certain it would actually reduce the buffer size. In fact a few test
with g++ seems to suggest reserve seems to ignore the request when the
new size is less than current capacity()

The swapping method sounds good except that it would require the
creation of another "temporary space".

So am I correct in thinking there is no direct and sure way of
reducing the internal buffer size?

I guess that's how the class is supposed to work and I should resort
to managing my own buffer based on C-style string manipulation if I
want fine control over the buffer size.


If you want fine control over the buffer size, why don't you call reserve()
before you increase the length of the string? If you do not know the needed
capacity ahead of time, then I don't see how your own C-style string
manipulation is going to help you avoid creating another "temporary space".

--
David Hilsee
Jul 22 '05 #6

P: n/a
* Rolf Magnus:
Alf P. Steinbach wrote:
* CoolPint:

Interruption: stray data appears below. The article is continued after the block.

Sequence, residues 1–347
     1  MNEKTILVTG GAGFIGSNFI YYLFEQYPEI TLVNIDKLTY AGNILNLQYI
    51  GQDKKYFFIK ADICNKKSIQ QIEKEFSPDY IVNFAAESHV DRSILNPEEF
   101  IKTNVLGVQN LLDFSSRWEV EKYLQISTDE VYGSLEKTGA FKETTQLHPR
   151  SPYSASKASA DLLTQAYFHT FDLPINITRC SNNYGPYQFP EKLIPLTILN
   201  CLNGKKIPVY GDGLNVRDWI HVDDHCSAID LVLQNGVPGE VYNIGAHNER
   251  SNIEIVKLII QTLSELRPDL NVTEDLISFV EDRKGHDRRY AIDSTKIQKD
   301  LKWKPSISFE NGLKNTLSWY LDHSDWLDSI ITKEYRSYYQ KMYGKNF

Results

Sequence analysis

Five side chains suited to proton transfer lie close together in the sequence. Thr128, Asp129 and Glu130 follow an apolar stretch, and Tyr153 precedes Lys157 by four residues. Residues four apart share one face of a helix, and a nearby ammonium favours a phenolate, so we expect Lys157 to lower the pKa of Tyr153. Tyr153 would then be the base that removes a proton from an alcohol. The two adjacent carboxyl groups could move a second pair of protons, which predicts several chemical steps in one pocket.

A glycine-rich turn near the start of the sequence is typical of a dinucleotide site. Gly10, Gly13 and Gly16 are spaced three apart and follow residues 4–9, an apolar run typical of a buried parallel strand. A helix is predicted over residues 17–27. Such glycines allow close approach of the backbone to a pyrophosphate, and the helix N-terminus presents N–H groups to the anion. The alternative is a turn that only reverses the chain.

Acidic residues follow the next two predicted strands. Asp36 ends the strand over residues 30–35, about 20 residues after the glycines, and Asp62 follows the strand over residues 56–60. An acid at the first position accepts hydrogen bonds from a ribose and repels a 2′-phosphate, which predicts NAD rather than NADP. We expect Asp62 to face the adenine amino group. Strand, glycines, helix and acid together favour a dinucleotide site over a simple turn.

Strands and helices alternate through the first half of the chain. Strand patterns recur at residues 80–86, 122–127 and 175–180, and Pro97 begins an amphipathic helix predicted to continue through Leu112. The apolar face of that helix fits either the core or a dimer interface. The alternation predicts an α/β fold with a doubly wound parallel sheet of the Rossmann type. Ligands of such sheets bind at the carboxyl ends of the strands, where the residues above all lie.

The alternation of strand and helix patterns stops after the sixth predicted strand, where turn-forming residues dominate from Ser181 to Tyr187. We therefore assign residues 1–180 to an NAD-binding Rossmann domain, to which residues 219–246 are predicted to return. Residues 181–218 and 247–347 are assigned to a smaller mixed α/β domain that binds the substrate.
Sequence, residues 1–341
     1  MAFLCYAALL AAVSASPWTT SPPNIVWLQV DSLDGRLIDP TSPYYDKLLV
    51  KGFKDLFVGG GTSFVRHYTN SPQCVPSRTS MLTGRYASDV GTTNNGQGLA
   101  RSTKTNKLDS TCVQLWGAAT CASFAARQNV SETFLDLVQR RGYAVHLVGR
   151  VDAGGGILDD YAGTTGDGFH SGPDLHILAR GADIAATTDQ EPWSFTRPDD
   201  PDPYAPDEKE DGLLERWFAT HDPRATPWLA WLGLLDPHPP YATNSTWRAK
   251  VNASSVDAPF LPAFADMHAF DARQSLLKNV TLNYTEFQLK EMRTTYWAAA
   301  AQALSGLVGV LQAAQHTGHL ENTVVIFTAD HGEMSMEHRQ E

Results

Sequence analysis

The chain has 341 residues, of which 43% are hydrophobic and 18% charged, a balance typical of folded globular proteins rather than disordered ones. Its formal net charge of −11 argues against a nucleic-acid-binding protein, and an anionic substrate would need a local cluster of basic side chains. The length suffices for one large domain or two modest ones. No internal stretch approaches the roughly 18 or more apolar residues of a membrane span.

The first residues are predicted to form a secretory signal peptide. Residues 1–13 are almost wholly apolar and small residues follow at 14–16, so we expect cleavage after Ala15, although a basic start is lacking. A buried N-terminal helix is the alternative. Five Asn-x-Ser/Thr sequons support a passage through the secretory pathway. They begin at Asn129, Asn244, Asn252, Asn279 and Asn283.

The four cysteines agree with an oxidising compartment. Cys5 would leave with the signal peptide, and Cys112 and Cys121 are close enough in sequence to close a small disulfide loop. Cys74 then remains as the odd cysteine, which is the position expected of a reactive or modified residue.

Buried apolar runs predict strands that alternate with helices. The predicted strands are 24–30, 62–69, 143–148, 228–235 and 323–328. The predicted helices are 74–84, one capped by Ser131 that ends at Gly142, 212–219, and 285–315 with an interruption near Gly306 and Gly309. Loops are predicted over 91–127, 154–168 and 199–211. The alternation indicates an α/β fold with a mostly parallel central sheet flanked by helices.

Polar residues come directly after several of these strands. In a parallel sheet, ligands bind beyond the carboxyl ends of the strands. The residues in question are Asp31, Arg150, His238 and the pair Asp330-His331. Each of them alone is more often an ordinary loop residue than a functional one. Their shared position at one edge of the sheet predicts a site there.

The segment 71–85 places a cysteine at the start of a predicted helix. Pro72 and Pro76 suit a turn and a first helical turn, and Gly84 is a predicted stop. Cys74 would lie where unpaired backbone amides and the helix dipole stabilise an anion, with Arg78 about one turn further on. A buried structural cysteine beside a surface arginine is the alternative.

...


The idiom for std::vector is to swap the vector with an empty
vector which is then destroyed.

I haven't checked whether std::string is swappable but presumably
it is.

The only problem is then to keep the logical contents, and that you
can do by (copy) assignment before swapping.


Would that be actually guaranteed to do The Right Thing? I'm thinking
here about reference counted strings that share their string data.
Copying would then mean that the copy will just use the same memory as
the original.


When I wrote "copy" in addition to "assignment" I meant, uh, "copy".

Otherwise "assignment" by itself would be enough.

--
A: Because it messes up the order in which people normally read text.
Q: Why is it such a bad thing?
A: Top-posting.
Q: What is the most annoying thing on usenet and in e-mail?
Jul 22 '05 #7

P: n/a
Alf P. Steinbach wrote:
* Rolf Magnus:
Alf P. Steinbach wrote:
> * CoolPint:
>> ...
>
> The idiom for std::vector is to swap the vector with an empty
> vector which is then destroyed.
>
> I haven't checked whether std::string is swappable but presumably
> it is.
>
> The only problem is then to keep the logical contents, and that you
> can do by (copy) assignment before swapping.
Would that be actually guaranteed to do The Right Thing? I'm thinking